The European Super League has been announced, and 12 founding clubs have declared their decision to join the competition against the wishes of their leagues and their fans. The competition is expected to be a 20 team competition involving 15 founder clubs and 5 qualifiers, with the teams split into two groups of 10 before a knockout stage is played and the winner is determined. The competition is set to be played on midweeks between these heavyweight clubs.
Arsenal, Chelsea, Manchester United, Manchester City, Liverpool, Tottenham Hotspur, FC Barcelona, Real Madrid, Atletico Madrid, Juventus, AC Milan, and Inter Milan have all been confirmed as part of the founding clubs, with three more clubs expected to join as founders. Each of the founders is due to receive €3.5 billion for infrastructure ahead of the competition, and the qualifiers will receive €350 million for every season they take part in the competition. This is a huge financial jump compared to the €100 million that was earned by clubs for qualifying for the UEFA Champions League.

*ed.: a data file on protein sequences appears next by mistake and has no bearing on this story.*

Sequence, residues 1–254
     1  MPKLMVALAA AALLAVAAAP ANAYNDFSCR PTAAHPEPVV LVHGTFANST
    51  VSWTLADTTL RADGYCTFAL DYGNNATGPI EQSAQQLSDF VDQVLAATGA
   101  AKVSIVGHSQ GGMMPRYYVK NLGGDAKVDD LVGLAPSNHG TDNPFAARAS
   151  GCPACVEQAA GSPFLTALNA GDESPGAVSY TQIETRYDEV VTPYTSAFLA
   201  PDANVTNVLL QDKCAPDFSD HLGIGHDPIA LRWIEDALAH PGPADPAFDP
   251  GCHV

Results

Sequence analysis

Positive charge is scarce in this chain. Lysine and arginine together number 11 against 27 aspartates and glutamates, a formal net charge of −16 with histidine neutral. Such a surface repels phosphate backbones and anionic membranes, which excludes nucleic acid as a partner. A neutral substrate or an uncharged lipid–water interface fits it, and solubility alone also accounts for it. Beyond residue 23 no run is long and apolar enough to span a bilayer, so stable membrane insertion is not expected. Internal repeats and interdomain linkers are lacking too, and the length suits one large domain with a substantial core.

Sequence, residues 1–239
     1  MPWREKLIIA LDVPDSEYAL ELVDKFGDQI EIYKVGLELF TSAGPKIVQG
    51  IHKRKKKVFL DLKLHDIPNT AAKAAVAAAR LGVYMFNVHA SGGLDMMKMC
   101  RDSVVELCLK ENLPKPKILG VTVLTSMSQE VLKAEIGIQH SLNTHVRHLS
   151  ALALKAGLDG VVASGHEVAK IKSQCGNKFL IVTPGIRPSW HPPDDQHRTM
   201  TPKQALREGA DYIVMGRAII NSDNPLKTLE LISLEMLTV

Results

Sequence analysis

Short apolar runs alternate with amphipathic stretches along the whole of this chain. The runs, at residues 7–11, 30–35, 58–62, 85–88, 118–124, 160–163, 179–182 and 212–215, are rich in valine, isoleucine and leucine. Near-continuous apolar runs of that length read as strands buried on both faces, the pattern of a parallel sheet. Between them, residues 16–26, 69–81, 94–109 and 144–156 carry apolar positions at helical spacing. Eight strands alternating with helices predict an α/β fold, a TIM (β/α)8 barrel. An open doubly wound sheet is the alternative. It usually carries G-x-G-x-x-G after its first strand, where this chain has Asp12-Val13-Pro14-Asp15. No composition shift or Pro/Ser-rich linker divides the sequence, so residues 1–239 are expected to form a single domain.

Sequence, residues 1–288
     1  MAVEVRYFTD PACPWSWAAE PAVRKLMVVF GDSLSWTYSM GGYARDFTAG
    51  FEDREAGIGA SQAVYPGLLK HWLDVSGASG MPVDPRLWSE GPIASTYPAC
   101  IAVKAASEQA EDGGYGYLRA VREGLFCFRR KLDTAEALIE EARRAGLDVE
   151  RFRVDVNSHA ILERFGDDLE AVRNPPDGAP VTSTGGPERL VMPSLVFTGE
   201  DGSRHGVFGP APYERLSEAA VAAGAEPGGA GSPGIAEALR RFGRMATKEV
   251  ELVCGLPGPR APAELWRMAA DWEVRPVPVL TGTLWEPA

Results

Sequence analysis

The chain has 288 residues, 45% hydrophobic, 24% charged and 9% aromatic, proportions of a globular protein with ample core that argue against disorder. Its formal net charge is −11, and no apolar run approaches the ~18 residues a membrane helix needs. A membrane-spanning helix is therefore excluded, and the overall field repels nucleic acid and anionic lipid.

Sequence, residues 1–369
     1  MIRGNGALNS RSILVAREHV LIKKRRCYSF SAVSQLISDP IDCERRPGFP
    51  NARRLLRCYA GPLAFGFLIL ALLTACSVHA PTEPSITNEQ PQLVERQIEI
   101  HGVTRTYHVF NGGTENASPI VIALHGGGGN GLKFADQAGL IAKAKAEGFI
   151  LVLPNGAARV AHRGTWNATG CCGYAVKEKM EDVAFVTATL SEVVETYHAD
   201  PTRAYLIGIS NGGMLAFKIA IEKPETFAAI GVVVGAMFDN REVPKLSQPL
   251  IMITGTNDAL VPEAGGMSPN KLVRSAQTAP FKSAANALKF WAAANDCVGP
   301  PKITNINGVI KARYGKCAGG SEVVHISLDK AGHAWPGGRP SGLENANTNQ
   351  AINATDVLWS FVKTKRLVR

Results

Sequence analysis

French giants, Paris St Germain and German sides Bayern Munich and Borussia Dortmund have all reportedly turned down the chance to be part of the competition amid talks of the competition’s commencement.
The Super League is chaired by Real Madrid president, Florentino Perez. UEFA, FIFA and the respective leagues of these clubs have kicked against the competition, and have threatened to issue bans effective immediately to the clubs involved, as well as their players from representing their national teams.
The European Super League board has come out to say that they would not permit any punitive action to be taken on the clubs and have already set a court case in motion. It remains to be seen what will happen, but it looks like the European Super League is here to stay.